Wellbore radius Universal gas constant Gas-oil equivalent factor Fugacity ratio of i-th component Solution gas-oil ratio Solution gas-oil ratio at bubble point pressure Volatilized oil-gas ratio Volatilized oil-gas ratio at dew point pressure Target recovery factor at end of plateau
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Fugacity ratio of i-th component in liquid-like phase Fugacity ratio of i-th component in vapor-like phase
Total skin factor
Volume-translate coefficient of i-th component
Mechanical skin factor Average reservoir gas saturation Minimum gas saturation Sum of the mole number of liquid-like phase Average reservoir oil saturation Sum of the mole number of vapor-like phase Average reservoir water saturation Connate water saturation Specific gravity of gas Production time Production time at abandonment condition Production time at end of plateau Temperature Temperature of upstream node Temperature of downstream node Pipe section average temperature Critical temperature of fluid Critical temperature of i-th component Pseudocritical temperature of Reduced temperature of i-th component Temperature at standard condition Fluid velocity
Retrograde liquid volume fraction
Amount of excess gas at reservoir condition Amount of remaining gas phase at reservoir condition Amount of remaining gas phase plus excess gas at reservoir condition Amount of remaining oil phase at reservoir condition Pore volume of reservoir Original volume of PVT cell Molar volume of phase a calculated from EOS Critical molar volume of i-th component Molar volume of vapor phase Molar volume of vapor phase calculated from EOS
Molar volume of liquid phase
Molar volume of liquid phase calculated from EOS Pseudocritical molar volume Amount of water pseudo component in reservoir water Amount of water influx Amount of cumulative water injection Amount of cumulative water production Molar fraction of surface gas pseudo component in reservoir oil Molar fraction of i-th component in liquid phase Molar fraction of stock-tank oil pseudo component in reservoir oil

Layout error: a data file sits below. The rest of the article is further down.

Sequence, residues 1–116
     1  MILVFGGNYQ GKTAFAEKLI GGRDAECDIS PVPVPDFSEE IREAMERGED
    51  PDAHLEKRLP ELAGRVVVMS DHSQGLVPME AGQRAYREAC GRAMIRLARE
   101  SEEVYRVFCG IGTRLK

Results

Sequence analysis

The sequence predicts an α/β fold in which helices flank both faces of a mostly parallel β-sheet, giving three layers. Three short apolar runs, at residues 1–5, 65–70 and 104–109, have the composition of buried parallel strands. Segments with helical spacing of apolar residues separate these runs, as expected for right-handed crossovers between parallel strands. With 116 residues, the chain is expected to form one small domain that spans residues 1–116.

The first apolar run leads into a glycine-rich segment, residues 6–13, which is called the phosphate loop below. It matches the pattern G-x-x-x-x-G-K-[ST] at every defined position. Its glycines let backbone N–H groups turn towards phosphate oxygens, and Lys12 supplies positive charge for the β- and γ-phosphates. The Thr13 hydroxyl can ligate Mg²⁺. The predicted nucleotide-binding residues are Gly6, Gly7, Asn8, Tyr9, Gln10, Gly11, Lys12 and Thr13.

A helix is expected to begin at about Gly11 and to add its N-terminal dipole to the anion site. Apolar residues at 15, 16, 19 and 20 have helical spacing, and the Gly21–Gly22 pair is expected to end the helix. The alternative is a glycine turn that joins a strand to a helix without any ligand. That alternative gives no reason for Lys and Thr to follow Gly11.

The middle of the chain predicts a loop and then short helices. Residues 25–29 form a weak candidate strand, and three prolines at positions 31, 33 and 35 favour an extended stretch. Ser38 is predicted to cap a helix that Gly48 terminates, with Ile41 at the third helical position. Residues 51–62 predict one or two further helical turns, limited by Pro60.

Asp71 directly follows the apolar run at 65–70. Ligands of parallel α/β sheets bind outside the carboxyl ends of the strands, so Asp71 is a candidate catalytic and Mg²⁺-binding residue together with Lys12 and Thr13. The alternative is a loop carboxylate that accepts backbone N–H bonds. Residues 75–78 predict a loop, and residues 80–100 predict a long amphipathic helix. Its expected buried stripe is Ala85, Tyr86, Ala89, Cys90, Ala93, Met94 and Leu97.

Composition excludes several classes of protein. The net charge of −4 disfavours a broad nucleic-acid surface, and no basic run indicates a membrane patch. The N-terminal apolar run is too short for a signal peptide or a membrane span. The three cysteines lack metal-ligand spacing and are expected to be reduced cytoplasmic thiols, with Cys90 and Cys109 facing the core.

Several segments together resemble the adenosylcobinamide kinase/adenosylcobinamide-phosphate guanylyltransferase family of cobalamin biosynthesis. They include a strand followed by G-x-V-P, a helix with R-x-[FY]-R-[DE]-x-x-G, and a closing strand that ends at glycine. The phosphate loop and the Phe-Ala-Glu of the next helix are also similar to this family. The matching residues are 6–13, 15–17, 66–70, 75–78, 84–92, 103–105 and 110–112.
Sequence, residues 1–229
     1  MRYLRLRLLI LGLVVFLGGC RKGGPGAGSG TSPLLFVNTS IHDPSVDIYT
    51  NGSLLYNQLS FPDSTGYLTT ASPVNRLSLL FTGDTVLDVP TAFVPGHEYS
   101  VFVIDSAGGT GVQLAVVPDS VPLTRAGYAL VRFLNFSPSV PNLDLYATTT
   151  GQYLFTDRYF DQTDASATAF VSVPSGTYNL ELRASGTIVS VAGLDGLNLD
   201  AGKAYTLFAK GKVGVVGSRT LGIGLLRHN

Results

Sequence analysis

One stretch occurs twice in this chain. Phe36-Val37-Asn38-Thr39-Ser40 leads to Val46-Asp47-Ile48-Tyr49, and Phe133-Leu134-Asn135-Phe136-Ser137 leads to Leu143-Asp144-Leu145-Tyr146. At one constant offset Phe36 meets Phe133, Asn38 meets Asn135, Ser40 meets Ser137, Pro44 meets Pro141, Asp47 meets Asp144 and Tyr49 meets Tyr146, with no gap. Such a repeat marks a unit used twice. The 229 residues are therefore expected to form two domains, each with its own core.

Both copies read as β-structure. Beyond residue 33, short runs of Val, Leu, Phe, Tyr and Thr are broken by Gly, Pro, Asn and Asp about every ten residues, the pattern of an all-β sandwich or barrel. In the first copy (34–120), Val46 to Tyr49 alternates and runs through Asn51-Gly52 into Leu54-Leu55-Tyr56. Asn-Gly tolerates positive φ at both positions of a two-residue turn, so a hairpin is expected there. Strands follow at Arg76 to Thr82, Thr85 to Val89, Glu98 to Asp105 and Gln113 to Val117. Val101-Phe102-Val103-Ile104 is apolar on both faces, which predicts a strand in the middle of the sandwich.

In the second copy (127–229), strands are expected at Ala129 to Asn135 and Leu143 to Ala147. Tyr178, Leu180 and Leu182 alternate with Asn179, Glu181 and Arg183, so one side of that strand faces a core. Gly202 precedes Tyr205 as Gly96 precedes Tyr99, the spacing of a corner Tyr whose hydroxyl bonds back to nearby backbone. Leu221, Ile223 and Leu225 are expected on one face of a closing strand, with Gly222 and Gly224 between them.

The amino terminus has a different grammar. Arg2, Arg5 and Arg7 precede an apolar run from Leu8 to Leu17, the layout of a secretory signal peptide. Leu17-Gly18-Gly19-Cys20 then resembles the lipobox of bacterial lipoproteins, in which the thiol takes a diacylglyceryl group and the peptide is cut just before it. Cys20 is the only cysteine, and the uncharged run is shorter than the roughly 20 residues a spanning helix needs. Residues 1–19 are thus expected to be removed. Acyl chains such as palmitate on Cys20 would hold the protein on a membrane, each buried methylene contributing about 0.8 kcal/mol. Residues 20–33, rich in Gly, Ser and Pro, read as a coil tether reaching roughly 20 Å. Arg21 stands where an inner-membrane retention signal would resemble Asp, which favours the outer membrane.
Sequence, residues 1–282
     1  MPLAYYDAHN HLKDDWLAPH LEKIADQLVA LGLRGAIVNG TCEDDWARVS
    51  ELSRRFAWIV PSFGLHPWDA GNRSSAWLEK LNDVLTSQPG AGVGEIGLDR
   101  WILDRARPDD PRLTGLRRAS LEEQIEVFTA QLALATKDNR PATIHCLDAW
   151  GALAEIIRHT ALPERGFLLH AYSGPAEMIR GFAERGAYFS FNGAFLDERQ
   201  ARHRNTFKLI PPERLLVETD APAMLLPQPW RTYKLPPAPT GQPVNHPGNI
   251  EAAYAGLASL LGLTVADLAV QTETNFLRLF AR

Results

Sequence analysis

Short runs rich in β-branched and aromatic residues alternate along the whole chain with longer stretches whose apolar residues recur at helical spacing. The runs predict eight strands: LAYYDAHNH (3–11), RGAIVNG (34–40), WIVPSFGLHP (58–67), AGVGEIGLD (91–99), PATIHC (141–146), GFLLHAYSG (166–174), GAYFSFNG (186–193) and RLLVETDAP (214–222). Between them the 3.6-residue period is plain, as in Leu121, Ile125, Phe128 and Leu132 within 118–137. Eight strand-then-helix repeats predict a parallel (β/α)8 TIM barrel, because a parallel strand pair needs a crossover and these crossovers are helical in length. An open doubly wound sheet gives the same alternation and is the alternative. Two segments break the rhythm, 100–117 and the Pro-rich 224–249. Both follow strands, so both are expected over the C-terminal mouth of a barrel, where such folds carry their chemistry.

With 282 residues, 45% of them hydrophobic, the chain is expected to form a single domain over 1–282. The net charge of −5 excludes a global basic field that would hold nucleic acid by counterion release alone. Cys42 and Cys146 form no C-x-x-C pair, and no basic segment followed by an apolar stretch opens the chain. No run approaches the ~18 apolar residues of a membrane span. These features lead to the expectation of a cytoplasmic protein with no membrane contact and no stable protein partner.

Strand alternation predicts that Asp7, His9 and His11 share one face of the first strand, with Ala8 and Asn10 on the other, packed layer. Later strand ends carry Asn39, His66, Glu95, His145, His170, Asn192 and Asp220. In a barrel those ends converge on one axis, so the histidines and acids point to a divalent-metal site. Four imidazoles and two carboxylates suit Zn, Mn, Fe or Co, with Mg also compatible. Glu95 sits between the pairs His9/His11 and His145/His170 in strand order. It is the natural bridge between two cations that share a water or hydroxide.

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Molar fraction of surface gas pseudo component in reservoir gas Molar fraction of i-th component in vapor phase Molar fraction of stock-tank oil pseudo component in reservoir gas
Molar fraction of i-th component in liquid-like phase
Molar fraction of i-th component in vapor-like phase Molar number of i-th component in liquid-like phase Molar number of i-th component in vapor-like phase Compressibility factor of fluid Two-phase compressibility factor Compressibility factor of phase a Average compressibility factorGreek Symbol Definition
Coefficient to adjust relative permeability of reservoir gas
Turbulence parameter
Specific gravity of gas Binary interaction coefficient between i-th and j-th component Tubing roughness Fluid viscosity Viscosity of vapor phase / Viscosity of reservoir gas Viscosity of i-th component at low pressure Viscosity of liquid phase Viscosity of liquid phase at low pressure Viscosity of reservoir oil Fluid density
Density of vapor phase
Density of gas phase at reservoir condition Density of liquid phase Density of oil phase at reservoir condition Density of oil phase at stock-tank condition Density of oil phase at stock-tank condition produced from reservoir gas Density of oil phase at stock-tank condition produced from reservoir oil Pseudo reduced density of liquid phase Density of remaining fluid inside PVT cell Molar density of reservoir gas Molar density of surface gas pseudo component
Molar density of reservoir oil
Molar density of stock-tank oil pseudo component Annual production time Average reservoir porosity Fugacity coefficient of i-th component in vapor phase Fugacity coefficient of i-th component Fugacity coefficient of i-th component in liquid phase Pitzers acentric factor of i-th component
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xv
ACKNOWLEDGEMENTS
First and foremost I would like to thanks my advisor, Dr. Luis Ayala, for his continuous
guidance, support and friendship throughout my graduate study. Without his encouragement and
invaluable advice, this research would not have been completed. Additional thanks are extended
to Dr. Larry Grayson, and Dr. Li Li for their interest and time in serving as my thesis committee.
I would like to express my sincere appreciation to Dr. Turgay Ertekin and Dr. Russel
Johns, and Dr. Zuleima Karpyn for the fundamental knowledge they have taught. I am also very
grateful for educational environment that the faculty and staff of the Department of Energy and